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Banstead Road - Care Home Good

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Inspection report

Date of Inspection: 4 December 2012
Date of Publication: 16 January 2013
Inspection Report published 16 January 2013 PDF

Food and drink should meet people's individual dietary needs (outcome 5)

Meeting this standard

We checked that people who use this service

  • Are supported to have adequate nutrition and hydration.

How this check was done

We looked at the personal care or treatment records of people who use the service, carried out a visit on 4 December 2012, observed how people were being cared for and checked how people were cared for at each stage of their treatment and care. We talked with people who represent the interests of people who use services, talked with people who use the service and talked with staff.

Our judgement

People were protected from the risks of inadequate nutrition and dehydration.

Reasons for our judgement

The two people we spoke to were happy with the quality and quantity of food and liquids being provided. One person told us that “Staff do me the food I like.” They went on to tell us that they had a choice of things to eat if they did not like what was on the menu.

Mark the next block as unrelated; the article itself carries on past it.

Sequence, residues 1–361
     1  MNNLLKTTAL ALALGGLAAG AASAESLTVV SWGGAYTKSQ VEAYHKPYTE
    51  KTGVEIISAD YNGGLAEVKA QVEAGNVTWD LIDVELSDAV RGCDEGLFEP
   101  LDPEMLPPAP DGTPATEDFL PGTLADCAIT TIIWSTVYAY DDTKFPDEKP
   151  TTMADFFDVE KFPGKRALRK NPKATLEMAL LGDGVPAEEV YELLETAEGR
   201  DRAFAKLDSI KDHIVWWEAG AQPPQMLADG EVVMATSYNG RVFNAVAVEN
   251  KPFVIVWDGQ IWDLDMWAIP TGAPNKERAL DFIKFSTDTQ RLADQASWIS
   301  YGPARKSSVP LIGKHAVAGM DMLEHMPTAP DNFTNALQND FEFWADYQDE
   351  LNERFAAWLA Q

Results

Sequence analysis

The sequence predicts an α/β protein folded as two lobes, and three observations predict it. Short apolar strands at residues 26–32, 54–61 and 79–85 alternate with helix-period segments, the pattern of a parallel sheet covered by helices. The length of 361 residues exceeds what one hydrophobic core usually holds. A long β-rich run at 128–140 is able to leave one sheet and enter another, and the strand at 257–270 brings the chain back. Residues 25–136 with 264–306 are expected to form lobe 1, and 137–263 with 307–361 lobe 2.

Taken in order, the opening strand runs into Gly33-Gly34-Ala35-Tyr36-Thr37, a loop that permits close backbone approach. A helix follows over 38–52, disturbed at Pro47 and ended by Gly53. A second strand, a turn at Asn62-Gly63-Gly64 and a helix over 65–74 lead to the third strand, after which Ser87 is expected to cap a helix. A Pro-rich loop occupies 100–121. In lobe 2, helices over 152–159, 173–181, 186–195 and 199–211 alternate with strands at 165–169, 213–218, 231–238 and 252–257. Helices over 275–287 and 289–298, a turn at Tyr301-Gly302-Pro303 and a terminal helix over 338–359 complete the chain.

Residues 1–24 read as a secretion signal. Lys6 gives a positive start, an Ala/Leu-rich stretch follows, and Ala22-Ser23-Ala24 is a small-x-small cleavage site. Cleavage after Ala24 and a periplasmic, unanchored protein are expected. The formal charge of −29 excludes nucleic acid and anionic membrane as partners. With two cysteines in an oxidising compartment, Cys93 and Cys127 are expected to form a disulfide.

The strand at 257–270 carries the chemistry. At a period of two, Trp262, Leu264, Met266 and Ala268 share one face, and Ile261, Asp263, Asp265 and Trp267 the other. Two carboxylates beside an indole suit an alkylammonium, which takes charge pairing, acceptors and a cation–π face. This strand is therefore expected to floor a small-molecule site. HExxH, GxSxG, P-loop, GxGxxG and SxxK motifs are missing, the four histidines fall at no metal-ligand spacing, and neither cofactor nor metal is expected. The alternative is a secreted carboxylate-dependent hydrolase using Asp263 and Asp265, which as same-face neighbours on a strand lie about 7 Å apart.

Lunch on the day of our visit was a selection of sandwiches. People and staff helped themselves and then ate them where they wanted. Most people chose to eat them in the lounge. This was a light lunch, as two of the three people were about to go out on activities, one to a party, and another out to lunch with an advocate.

The menu looked varied and hot food was on offer for all three main meals of the day. People told us that they went out food shopping with staff and could pick items they wanted to try.

We asked staff how they knew if someone was getting enough to eat or drink. They told us that they would ask people if they had had enough to eat at each meal. We saw this happening over lunch. They also said that peoples weight is monitored, and if a change was noted, or change in eating habits, they would let the manager know, and a visit to the GP would be arranged if the person agreed. One person told us that they had access to drinks and snacks at night if they wanted them. The daily diary notes contained information about whether people had eaten. The service also recorded what people had eaten, if this was different to the option on the menu. People had a choice of food. Their intake of food and liquids was monitored and people were involved in the process. This meant people were getting enough food, when they wanted it, and had a choice of what to eat and drink.

At the time of our visit no one had been identified with an allergy or needing a specialist diet (e.g. vegan or vegetarian). The manager and staff were aware that this was something they needed to check when new people joined the service. People were able to feed themselves independently, and no specialist equipment was required to help them.